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Top 10 stories of 2018: Climate change, gene-edited babies, hidden craters and more

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8:36am, December 17, 2018
Hurricane Florence

AN INTENSE YEAR  Researchers quickly determined that climate change fueled the intense rainfall that came with Hurricane Florence, shown here on September 12. Such attribution studies, among other findings, made climate change our top story of 2018.

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In 2018, we saw just how much power science has to make a real impact. 

Science News’ top stories of the year include a literal impact — the hidden contours of what appears to be a massive crater created when a meteorite slammed into Greenland long ago. That discovery ranks among our Top 10 partly because it’s just cool, but also because it raises the tantalizing prospect of solving a scientific mystery: Did the impact kick the planet into a roughly 1,000-year cold snap, called the Younger Dryas, almost 13,000 years ago?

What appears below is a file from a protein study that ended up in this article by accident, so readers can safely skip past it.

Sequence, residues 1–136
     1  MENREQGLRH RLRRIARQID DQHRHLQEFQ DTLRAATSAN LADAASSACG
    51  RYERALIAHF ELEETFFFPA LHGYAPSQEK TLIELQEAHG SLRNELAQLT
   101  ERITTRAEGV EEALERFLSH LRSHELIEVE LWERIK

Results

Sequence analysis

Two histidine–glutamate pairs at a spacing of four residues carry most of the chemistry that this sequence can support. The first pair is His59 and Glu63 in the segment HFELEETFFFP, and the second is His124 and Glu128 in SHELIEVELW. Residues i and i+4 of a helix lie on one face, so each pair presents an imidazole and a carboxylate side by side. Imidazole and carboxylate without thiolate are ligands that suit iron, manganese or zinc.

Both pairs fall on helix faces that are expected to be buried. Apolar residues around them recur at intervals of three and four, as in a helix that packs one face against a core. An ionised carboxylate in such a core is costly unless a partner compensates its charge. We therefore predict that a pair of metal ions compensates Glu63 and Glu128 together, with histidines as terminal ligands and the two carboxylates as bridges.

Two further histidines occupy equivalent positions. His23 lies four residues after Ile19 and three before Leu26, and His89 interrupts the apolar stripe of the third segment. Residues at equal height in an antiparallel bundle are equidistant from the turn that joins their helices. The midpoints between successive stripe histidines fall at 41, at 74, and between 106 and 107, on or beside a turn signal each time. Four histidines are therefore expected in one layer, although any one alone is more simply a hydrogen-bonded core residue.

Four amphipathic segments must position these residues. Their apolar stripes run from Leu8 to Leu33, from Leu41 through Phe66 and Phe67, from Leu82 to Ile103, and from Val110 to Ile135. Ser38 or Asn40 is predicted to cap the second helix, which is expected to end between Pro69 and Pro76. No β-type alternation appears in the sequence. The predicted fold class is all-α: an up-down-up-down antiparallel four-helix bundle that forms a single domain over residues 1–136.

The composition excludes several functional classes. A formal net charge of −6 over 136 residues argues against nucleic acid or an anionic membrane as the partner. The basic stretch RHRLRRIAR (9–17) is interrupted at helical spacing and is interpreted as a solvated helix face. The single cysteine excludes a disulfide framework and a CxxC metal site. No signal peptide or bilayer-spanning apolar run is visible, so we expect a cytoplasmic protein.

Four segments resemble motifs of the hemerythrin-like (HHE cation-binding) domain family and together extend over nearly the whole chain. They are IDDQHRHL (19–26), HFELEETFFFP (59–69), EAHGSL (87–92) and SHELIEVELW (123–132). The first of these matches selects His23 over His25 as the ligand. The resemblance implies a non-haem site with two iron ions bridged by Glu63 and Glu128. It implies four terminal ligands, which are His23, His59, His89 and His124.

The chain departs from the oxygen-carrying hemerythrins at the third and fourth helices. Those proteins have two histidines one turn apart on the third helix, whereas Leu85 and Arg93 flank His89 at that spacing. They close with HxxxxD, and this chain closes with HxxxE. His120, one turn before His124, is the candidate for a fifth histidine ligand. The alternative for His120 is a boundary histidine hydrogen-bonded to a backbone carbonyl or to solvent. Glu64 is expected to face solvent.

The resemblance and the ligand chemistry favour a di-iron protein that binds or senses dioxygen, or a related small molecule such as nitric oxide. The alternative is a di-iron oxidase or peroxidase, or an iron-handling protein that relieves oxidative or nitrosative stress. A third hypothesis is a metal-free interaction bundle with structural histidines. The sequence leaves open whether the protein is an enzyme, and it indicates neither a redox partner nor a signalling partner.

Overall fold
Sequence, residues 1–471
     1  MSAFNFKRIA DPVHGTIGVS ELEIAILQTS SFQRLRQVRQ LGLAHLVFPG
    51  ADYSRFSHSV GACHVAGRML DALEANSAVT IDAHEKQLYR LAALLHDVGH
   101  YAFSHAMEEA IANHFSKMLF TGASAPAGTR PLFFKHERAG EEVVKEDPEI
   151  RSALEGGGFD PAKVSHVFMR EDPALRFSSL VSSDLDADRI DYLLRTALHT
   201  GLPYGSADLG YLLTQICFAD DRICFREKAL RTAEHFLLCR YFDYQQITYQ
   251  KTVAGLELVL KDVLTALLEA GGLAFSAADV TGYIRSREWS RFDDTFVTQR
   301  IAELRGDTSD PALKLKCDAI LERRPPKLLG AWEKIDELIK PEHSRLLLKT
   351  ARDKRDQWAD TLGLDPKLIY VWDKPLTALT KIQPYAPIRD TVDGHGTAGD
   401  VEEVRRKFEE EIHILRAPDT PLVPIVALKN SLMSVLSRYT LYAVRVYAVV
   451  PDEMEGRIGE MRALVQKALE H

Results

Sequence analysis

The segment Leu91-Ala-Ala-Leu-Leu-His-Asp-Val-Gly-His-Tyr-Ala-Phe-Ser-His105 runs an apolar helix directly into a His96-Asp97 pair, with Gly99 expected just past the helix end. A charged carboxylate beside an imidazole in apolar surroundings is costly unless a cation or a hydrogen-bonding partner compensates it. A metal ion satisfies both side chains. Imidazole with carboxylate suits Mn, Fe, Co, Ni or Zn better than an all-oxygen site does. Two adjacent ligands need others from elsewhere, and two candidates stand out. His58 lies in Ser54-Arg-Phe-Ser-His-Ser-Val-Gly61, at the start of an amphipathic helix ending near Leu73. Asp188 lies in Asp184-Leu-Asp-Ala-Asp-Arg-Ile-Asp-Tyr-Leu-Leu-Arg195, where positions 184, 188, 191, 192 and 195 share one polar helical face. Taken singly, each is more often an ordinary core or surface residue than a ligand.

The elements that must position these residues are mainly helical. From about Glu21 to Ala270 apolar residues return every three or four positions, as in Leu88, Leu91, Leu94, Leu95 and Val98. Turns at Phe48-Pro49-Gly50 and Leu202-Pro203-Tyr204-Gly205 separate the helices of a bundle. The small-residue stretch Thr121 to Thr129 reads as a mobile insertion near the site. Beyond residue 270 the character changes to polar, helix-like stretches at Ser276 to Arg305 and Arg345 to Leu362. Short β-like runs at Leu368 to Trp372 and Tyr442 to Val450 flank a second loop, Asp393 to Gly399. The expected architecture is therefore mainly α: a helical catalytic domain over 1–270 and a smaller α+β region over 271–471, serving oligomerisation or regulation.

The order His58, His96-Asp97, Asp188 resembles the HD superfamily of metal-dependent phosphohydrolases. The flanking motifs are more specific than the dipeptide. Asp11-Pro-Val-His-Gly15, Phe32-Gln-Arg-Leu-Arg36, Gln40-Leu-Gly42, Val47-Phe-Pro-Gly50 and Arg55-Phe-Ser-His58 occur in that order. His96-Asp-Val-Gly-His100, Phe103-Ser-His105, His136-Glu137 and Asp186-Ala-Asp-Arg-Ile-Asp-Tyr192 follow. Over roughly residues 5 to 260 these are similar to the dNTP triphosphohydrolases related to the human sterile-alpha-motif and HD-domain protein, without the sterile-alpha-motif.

The mammoths and other species that died out by the end of that period didn’t see climate change coming. But we can. That’s why human-driven climate change is our top story of the year. The rising tide of attribution studies shows that climbing temperatures are already turning extreme events, such as Hurricane Florence, more extreme. This year’s barrage of climate reports gave us a clearer picture of how climate change will affect Earth in the near future — fueling wildfires, sparking heat waves, raising sea levels —and how human actions to curb warming can have an impact.

2018 is also the year a Chinese researcher made the startling claim that he had created the first babies to be born with an edited gene. The ensuing uproar over the controversial birth of twin girls in China, whose genes were allegedly tweaked to reduce their risk of contracting HIV, is sure to have a lasting impact on the future of gene-editing technology.